The WIN.INI file Select Start, Run, type "sysedit" and click on OK. Inside the System Configuration Editor, make the WIN.INI window active and look for a "run=" or "load=" line under the [windows] section. Programs referred to on these lines load at startup. If you feel comfortable doing so, remove the reference to the annoying program, and save your change. (If not, have your local computer guru help you. WIN.INI is a very important file and should not be messed with unless you know what you are doing.

The Registry Select Start, Run, type "regedit" and click on OK to open the Registry Editor. Navigate your wat to: HKEY_LOCAL_MACHINE\SOFTWARE\ Microsoft\Windows\CurrentVersion\RUN. In the right pane, you will find programs that load when Windows starts. Right click on the one giving you grief, select Delete, and close the Registry Editor. (As always, before editing the Registry, back it up. One way is to copy your System.dat and User.dat files to a floppy disk.
Whichever method you used, restart Windows and (in most cases) breathe a deep sigh of satisfaction.
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TASKBAR OPTIONS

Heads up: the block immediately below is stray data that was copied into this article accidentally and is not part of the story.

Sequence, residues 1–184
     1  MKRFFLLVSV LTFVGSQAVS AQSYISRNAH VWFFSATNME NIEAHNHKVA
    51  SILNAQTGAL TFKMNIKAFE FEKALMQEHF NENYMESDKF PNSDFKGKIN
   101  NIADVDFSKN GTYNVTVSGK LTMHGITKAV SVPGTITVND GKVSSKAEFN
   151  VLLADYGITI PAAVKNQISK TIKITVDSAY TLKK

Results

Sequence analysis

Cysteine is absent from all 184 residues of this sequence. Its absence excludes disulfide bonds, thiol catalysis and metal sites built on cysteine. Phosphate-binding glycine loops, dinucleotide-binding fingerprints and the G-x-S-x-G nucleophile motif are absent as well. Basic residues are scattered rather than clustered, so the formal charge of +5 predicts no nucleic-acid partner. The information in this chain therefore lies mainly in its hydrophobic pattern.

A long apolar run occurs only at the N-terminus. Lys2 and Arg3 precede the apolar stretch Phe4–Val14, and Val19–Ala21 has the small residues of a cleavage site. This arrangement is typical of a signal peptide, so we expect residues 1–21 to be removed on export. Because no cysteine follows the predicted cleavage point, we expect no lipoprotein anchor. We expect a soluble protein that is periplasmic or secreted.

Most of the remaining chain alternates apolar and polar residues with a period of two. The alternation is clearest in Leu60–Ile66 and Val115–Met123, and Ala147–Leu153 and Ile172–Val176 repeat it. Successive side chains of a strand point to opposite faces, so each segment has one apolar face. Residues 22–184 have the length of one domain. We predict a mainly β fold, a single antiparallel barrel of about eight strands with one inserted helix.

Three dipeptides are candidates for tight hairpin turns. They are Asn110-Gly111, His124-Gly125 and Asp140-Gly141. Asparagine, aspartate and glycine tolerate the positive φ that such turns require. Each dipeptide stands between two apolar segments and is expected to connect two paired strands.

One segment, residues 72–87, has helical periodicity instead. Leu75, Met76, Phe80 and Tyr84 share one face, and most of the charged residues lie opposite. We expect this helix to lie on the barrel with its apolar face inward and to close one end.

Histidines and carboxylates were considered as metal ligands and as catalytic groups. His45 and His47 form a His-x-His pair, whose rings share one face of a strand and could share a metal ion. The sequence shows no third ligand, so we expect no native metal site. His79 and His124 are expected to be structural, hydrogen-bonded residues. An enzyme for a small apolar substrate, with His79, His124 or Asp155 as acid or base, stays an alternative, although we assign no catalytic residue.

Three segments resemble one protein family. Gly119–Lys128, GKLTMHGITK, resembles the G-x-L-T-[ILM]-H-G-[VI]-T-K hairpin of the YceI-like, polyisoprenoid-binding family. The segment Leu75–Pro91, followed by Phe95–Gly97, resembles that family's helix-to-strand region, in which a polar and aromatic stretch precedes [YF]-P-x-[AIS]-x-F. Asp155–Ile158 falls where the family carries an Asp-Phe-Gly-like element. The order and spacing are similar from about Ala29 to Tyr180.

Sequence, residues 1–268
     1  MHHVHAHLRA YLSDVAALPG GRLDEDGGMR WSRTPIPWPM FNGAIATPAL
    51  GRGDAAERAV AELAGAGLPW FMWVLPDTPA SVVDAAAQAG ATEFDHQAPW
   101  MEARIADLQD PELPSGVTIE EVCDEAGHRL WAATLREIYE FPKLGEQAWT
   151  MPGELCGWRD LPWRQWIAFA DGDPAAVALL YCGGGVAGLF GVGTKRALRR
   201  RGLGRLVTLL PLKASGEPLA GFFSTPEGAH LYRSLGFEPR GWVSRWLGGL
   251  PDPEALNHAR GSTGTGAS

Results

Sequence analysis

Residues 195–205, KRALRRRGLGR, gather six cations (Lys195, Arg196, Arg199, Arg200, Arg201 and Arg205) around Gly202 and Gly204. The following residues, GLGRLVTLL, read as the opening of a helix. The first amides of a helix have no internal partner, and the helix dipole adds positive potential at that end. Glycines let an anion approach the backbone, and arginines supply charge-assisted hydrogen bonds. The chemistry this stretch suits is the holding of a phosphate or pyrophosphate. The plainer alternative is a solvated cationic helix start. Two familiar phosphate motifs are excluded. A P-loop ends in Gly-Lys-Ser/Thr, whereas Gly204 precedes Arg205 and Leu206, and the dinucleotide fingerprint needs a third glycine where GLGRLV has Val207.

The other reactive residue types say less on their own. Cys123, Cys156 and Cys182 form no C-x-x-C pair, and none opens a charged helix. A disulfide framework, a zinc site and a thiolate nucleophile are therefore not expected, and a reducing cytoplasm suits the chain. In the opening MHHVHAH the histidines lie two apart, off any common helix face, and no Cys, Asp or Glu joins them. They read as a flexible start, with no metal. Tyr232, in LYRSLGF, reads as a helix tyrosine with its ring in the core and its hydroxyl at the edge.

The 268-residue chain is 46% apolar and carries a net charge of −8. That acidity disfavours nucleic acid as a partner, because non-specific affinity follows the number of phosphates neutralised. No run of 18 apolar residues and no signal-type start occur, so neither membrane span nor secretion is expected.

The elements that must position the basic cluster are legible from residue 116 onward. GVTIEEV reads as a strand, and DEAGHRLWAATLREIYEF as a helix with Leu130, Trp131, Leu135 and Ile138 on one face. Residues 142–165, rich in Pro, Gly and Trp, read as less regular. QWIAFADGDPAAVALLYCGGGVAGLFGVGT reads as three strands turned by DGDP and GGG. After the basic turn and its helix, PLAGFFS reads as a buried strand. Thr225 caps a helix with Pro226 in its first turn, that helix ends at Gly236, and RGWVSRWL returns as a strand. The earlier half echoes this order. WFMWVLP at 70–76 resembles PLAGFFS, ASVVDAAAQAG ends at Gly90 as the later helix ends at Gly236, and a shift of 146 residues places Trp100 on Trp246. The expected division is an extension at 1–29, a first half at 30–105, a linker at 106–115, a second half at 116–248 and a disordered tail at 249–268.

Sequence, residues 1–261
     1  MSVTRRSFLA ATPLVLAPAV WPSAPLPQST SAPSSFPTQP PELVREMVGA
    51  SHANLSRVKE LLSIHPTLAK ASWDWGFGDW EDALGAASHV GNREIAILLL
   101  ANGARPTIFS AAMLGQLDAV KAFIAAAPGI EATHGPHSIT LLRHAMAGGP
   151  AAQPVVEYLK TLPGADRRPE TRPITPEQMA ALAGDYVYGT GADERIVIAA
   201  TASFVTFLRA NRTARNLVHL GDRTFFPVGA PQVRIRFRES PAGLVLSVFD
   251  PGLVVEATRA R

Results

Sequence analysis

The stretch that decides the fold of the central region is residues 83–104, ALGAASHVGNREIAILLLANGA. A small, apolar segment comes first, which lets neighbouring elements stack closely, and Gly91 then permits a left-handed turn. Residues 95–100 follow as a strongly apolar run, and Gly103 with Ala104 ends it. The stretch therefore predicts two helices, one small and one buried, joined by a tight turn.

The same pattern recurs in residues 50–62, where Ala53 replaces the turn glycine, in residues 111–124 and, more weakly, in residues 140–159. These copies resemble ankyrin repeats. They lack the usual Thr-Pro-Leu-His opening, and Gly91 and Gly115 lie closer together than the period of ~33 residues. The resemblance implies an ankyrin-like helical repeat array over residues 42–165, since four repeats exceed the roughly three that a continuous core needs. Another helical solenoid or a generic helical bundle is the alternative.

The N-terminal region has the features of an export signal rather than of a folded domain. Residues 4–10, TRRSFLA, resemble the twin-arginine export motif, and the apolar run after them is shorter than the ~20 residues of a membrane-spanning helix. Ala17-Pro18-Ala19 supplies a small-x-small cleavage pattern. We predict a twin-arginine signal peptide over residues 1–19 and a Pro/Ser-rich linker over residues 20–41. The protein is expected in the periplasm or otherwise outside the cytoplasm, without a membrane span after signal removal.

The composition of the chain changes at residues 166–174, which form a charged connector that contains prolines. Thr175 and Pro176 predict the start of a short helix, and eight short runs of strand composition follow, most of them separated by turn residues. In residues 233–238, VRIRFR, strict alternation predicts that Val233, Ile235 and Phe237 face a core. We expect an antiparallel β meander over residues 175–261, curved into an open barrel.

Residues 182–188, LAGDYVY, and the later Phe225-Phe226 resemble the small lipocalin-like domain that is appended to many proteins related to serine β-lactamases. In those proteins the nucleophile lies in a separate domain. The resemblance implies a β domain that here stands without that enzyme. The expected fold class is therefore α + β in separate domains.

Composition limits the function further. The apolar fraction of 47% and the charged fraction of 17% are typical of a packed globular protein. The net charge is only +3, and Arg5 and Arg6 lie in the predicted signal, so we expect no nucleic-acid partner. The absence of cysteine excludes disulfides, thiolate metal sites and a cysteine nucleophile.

Resize If you run sereral programs at once, the buttons on the taskbar shrink as new programs are opened. For larger buttons, so you can fully read their contents, increase the taskbar size by moving your mouse to the upper edge of the bar (until it becomes a double headed arrow) and dragging it upward to increase its size.

Relocate Move the taskbar to any edge of the screen by grabbing and moving it with a simple left button drag and drop.

Close applications To close minimized applications, without having to open them from the taskbar and clicking on their X box, just right click on their taskbar button and select close.

Options A right click on an empty area of the taskbar provides some useful options - Cascade (of your open Windows), Tile Horizontally, Tile Vertically, Minimize All Windows, Undo Tile, and Properties Options such as Auto Hide and others.
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USEFUL COPY AND MOVE OPTIONS

Windows always had inconsistencies in copying and moving files. If you tire of having to watch to see if you have a "+" icon (copy) or not (move), and worrying whether you are copying or moving to the same or another directory - then solve your problems and regain consistency by use of the right mouse button. Jusk click your right button on the file, hold it down while dragging the file to its new location, and then release the right button. You are then presented with the selections to  Copy, Move, or Create a Shortcut at the new location. No more confusion! You do your job and take your pick. Same every time.